I should have asked at the beginning - what do you have configCHECK_FOR_STACK_OVERFLOW set to? Also, how big is the interrupt stack?

[configCHECK_FOR_STACK_OVERFLOW only checks the stack used by tasks, but the stack in use switches to the interrupt stack each time an interrupt is entered. The stack used by interrupts is the same stack as used by main() before the scheduler is started, so it is set up by your tools somewhere)]

From your last post I can infer the tick rate is 1KHz.

Interesting. So we are expecting xItemValue to be approximately 180K, and indeed it is, so appears to have been calculated correctly. Why then, is it in the overflow list? Hmm…thinking. Something is very odd - the code that determines which list to put the task into is very simple:

	if( xTimeToWake < xTickCount )
		/* Wake time has overflowed.  Place this item in the overflow list. */
		vListInsert( pxOverflowDelayedTaskList, &( pxCurrentTCB->xGenericListItem ) );
		/* The wake time has not overflowed, so the current block list is used. */
		vListInsert( pxDelayedTaskList, &( pxCurrentTCB->xGenericListItem ) );

…and we can already see that xTimeToWake was calculated correctly, as it is shown in the screen shot.

Normally at this point I would ask for a cut down project, with just enough code to demonstrate the issue, so I could run it here - but in this case I don’t think that is going to be possible as you are using the NTP code.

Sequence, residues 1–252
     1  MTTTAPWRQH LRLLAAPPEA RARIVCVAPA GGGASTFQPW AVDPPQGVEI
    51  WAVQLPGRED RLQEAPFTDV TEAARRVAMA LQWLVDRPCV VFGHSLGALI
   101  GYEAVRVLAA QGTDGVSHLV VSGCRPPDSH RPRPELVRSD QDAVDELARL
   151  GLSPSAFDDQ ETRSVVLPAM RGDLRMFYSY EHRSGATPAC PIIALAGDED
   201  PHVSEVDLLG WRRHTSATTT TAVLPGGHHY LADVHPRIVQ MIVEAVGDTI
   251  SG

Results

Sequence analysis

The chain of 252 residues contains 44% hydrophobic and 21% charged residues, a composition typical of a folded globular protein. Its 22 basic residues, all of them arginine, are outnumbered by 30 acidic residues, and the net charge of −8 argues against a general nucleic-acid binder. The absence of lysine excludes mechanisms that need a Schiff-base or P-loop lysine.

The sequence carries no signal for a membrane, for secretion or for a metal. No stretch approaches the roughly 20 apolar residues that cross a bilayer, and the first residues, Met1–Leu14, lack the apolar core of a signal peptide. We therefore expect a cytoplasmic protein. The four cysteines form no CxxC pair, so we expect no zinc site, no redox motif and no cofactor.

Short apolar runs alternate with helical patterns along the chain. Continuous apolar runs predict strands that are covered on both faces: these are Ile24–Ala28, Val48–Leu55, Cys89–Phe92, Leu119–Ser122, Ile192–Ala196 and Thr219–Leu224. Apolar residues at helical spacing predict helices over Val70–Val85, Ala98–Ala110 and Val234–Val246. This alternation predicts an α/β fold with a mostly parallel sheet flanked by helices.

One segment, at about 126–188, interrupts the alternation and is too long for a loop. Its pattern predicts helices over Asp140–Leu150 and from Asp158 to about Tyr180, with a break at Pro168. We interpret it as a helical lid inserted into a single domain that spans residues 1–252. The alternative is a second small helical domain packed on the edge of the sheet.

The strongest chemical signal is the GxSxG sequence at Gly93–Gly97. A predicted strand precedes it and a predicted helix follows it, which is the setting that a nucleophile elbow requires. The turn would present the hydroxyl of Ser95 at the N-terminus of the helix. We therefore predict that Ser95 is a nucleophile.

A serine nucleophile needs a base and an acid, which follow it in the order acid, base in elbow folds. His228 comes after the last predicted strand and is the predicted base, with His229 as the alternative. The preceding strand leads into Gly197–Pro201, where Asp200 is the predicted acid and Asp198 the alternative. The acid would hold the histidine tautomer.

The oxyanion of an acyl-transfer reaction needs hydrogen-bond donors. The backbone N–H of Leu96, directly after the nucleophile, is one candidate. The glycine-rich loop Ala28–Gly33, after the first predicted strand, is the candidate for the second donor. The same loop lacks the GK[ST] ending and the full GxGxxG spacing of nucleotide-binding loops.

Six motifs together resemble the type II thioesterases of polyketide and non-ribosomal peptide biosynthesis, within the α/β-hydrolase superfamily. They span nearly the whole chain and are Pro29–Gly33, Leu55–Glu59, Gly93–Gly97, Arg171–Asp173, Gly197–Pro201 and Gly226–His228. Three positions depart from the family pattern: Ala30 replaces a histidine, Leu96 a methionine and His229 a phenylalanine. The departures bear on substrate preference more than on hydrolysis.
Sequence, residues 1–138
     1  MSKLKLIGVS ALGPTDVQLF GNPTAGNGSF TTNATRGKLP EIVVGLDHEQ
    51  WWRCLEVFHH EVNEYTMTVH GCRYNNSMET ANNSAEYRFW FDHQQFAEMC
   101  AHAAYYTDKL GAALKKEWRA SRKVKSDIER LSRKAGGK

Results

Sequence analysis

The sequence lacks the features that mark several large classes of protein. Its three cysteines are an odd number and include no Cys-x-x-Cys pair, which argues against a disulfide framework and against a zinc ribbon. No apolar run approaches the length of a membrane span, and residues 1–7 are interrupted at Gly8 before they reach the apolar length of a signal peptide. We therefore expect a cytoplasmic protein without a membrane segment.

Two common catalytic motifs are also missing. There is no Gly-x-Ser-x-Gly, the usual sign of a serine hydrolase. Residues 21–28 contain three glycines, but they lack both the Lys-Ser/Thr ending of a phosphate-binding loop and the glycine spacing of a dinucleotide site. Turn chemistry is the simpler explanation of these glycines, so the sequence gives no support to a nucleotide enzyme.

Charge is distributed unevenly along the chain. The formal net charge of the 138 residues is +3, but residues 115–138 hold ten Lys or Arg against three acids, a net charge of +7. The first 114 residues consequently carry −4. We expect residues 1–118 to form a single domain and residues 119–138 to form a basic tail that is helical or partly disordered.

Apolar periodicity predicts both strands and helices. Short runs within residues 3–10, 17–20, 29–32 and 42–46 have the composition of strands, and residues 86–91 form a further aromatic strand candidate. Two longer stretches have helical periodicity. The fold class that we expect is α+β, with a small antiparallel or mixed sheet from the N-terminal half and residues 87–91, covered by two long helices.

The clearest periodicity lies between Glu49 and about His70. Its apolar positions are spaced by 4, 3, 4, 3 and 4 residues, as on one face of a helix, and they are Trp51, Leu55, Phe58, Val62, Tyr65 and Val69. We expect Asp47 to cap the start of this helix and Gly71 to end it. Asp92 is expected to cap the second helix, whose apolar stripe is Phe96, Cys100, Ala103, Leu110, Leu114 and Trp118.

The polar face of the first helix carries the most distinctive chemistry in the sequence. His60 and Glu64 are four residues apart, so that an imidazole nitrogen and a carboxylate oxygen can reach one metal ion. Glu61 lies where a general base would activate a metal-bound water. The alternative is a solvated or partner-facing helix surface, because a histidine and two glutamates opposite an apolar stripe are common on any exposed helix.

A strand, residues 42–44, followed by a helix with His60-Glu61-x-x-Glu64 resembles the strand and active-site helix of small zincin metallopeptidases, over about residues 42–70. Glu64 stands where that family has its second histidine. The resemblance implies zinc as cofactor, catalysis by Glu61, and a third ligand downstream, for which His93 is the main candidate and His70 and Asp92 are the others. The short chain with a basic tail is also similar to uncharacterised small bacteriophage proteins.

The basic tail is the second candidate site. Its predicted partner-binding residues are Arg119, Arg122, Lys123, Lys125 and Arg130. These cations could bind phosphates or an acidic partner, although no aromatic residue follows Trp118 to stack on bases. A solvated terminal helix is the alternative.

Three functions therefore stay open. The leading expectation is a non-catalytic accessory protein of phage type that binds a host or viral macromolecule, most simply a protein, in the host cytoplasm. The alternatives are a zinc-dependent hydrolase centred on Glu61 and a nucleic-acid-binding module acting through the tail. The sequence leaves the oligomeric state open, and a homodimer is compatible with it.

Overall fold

How about this - could you update your task so the task does not call any of the NTP code, but instead just increments a volatile variable every time it runs. So you keep the structure of the task the same, the bit that calls vTaskDelayUntil() and the bit that calculates the next wake time should remain unchanged, but the bit that calls the NTP code is commented out and replaced with a simple variable increment. Then run the code again. If the problem still exists then we would have something I could try running here.

rtel wrote on Thursday, January 14, 2016:

Our two last posts crossed over each other. Now replying to your post that states the NTP_TASK_PERIOD_MS_MIN value.

Your NTP_TASK_PERIOD_MS_MIN and NTP_TASK_PERIOD_MS_MAX values are defined as signed integers - a long shot - but could cause a problem. Can you add ‘ul’ to the end literal, as (1UL * 60UL * 1000UL)

The 24-bits is also to be of suspicion.

ammaree wrote on Thursday, January 14, 2016:

Have already added UL to all 3 components, made no difference. Falied after 2 executions.

#define 	NTP_TASK_PERIOD_MS_MIN					(1UL * 60UL * 1000UL)
#define 	NTP_TASK_PERIOD_MS_MAX					(16UL * 60UL * 1000UL)

24 bits should handle ~280min, so we should be very safe…

ammaree wrote on Friday, January 15, 2016:

thanks for the help, no bug anywhere but rather an obscure NTP issue. Some “holier than thou” servers reserve the right to simply ignore a request, no warning. When using blocking socket option the cc3200 IP stack block with the rtos waiting for a response.

Just removing these specific hosts from the list removed the problem but I will change the code to use nonblocking socket and handle the EAGAIN and EWOULDBLOCK returns.